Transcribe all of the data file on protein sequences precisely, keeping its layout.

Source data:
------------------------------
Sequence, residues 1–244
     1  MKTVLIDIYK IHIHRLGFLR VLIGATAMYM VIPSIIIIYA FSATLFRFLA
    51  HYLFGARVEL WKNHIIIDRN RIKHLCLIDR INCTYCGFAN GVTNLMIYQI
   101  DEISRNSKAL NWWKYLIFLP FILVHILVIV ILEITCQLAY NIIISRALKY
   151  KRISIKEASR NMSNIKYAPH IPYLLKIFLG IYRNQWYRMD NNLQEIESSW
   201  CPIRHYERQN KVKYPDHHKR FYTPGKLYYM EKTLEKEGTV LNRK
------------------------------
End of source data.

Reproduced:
Sequence, residues 1–244
     1  MKTVLIDIYK IHIHRLGFLR VLIGATAMYM VIPSIIIIYA FSATLFRFLA
    51  HYLFGARVEL WKNHIIIDRN RIKHLCLIDR INCTYCGFAN GVTNLMIYQI
   101  DEISRNSKAL NWWKYLIFLP FILVHILVIV ILEITCQLAY NIIISRALKY
   151  KRISIKEASR NMSNIKYAPH IPYLLKIFLG IYRNQWYRMD NNLQEIESSW
   201  CPIRHYERQN KVKYPDHHKR FYTPGKLYYM EKTLEKEGTV LNRK